Portraits of Wildflowers

Perspectives on Nature Photography

Posts Tagged ‘bee

And on the Lindheimer’s senna…

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Visiting the Lindheimer’s senna flowers (Senna lindheimeriana) that you saw last time were various kinds of insects, including several small metallic sweat bees.

For a closer look at the pollen-gatherer, click below to enlarge an excerpt from another frame.

© 2018 Steven Schwartzman

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Written by Steve Schwartzman

October 1, 2018 at 4:41 AM

Bumblebee on fireweed flowers

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From August 30th in Glacier National Park, here’s a bumblebee on some fireweed flowers. The way the bumblebee flitted about on the fireweed reminds me now of the way botanists have been flitting about in some of their classifications. They’ve dubbed fireweed Epilobium angustifolium, Chamerion angustifolium, and most recently Chamaenerion angustifolium. Oh well, that which we call fireweed, by any other name would have flowers that look as good—assuming you’re close enough. After one view of wilted flowers and another of fresh ones from a bit of a distance, you’re finally getting a proper look at some fireweed flowers.

If you’d like to see the many places that fireweed grows in North America, check out the zoomable USDA map. I’d thought of this as a species from the Northwest and Canada and Alaska, and so was glad to finally encounter it on this trip. Now I’m surprised to learn that fireweed grows in 38 out of the 50 states in the United States. That range doesn’t include Texas but it does include Long Island, where I grew up.

© 2017 Steven Schwartzman

Written by Steve Schwartzman

October 20, 2017 at 4:34 AM

Rocky Mountain beeweed

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As if to corroborate the common name Rocky mountain beeweed, I found a native bee on these flowers of Cleome serrulata at Kasha-Katuwe Tent Rocks National Monument in northern New Mexico on June 12th. An online article about this species notes that other vernacular names for the plant are stinking-clover, bee spider-flower, skunk weed, Navajo spinach, and guaco. This wildflower is a relative of the clammyweed that grows in Austin.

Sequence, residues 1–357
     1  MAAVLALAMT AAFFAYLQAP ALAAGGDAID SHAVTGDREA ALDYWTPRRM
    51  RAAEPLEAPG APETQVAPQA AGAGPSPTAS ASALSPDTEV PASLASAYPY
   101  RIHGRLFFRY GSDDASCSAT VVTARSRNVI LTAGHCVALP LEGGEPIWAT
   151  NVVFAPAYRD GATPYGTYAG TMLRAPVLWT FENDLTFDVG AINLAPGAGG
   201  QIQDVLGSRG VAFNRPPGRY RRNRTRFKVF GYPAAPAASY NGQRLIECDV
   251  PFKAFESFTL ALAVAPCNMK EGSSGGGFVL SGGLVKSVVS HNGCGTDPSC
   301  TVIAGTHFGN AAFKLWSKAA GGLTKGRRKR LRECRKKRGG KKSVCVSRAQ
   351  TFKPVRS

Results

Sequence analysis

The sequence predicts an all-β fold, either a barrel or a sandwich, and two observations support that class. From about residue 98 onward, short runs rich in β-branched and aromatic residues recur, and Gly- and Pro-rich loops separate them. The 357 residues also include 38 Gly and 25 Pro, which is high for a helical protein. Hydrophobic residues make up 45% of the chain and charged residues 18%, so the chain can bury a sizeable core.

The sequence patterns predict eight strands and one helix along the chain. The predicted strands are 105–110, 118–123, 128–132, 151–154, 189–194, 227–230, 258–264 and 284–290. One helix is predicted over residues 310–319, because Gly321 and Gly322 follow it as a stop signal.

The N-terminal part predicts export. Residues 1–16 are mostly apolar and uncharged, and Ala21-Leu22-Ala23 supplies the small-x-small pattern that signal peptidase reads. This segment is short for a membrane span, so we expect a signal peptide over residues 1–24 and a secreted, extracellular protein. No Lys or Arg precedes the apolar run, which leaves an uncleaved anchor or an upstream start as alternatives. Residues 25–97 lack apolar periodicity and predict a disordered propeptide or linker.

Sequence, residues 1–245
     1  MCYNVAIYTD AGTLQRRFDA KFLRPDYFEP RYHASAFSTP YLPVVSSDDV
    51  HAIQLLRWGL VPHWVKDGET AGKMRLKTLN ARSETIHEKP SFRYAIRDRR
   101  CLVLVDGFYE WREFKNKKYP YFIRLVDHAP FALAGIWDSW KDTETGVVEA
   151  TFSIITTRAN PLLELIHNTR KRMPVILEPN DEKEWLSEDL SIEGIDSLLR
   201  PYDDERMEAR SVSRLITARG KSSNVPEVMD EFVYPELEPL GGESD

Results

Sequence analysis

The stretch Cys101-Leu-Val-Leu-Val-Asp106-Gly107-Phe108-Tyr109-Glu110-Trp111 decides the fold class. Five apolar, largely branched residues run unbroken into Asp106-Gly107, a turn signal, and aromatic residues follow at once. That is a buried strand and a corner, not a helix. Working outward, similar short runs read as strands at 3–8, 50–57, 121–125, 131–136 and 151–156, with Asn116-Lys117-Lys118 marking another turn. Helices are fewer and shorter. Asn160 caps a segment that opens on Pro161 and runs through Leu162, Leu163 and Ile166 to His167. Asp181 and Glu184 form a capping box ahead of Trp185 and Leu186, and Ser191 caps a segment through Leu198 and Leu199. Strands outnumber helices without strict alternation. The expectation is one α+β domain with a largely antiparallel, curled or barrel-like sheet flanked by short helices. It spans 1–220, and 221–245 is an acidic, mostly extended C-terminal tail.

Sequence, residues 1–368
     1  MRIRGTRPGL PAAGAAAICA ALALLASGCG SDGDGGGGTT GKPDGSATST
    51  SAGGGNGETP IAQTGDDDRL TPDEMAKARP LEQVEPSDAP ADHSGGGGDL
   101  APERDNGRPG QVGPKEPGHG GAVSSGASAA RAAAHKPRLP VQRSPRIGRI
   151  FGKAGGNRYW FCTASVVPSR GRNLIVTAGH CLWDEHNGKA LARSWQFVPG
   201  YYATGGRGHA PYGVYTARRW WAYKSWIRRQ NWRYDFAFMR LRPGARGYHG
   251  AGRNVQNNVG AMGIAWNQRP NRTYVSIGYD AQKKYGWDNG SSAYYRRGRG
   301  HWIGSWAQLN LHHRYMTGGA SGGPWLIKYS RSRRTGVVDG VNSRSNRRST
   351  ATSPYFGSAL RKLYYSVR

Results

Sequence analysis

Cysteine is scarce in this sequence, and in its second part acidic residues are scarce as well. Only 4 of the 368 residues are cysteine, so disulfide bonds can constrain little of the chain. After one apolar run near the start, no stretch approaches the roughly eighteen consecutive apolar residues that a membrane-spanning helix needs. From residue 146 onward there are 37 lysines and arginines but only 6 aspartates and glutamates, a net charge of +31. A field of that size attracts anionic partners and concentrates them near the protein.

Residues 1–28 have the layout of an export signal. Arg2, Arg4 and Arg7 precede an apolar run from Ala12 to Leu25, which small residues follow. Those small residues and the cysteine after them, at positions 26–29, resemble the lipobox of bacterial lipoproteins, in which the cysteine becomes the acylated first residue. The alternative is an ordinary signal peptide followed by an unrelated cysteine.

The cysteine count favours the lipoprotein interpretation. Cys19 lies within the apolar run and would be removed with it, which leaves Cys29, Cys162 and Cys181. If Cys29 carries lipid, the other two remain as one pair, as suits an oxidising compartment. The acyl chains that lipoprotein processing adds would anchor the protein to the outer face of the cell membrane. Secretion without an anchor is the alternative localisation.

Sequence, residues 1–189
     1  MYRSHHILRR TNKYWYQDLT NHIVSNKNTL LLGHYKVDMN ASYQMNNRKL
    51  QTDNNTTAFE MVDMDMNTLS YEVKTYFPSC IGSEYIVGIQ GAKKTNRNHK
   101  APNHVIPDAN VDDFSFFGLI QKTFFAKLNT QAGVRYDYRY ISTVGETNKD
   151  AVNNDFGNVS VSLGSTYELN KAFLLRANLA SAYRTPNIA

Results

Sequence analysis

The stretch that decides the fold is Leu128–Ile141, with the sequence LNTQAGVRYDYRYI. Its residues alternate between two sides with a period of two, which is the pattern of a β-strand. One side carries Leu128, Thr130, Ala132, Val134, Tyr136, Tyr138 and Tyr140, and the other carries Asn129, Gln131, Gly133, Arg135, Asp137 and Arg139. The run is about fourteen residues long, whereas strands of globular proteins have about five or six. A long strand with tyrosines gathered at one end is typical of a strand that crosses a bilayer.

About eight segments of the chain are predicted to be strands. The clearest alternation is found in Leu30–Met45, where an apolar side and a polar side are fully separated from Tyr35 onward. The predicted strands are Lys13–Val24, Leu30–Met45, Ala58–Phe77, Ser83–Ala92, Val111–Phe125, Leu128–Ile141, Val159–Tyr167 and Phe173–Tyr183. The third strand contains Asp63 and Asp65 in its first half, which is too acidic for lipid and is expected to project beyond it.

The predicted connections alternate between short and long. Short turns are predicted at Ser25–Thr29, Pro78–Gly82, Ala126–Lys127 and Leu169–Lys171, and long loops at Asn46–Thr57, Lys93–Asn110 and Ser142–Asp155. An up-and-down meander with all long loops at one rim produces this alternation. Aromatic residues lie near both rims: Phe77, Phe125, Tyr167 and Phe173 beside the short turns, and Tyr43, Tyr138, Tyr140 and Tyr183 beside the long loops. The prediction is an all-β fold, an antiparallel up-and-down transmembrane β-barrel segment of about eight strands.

© 2017 Steven Schwartzman

Written by Steve Schwartzman

August 20, 2017 at 4:50 AM

A floral balance at Kasha-Katuwe

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In addition to balanced rocks at Kasha-Katuwe in northern New Mexico on June 12th, here’s a balanced jimsonweed flower (Datura wrightii). Note the tiny native bee on the left side of the flower.

I’d pulled off to the side of the entrance road to photograph the jimsonweed and had barely gotten out of my car when a tribal policeman stopped his patrol car to see what I was up to. I guess very few visitors pull over at a place that doesn’t offer a view of the rock formations.

© 2017 Steven Schwartzman

Written by Steve Schwartzman

August 18, 2017 at 4:48 AM

One green succumbs to another

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Green Lynx Spider with Killed Bee on Goldenrod Flowers 7796

Remember the metallic green sweat bee that I photographed on my hand in Arkansas three months ago? On September 1st at Southeast Metropolitan Park I found a similar bee that had fallen prey to a green lynx spider, Peucetia viridans. The yellow of some goldenrod (Solidago spp.) that was already flowering added to the colorful if ghastly scene. In fact it was the goldenrod flowers that I’d stopped to photograph, and then when I got close I discovered the spider and bee on them.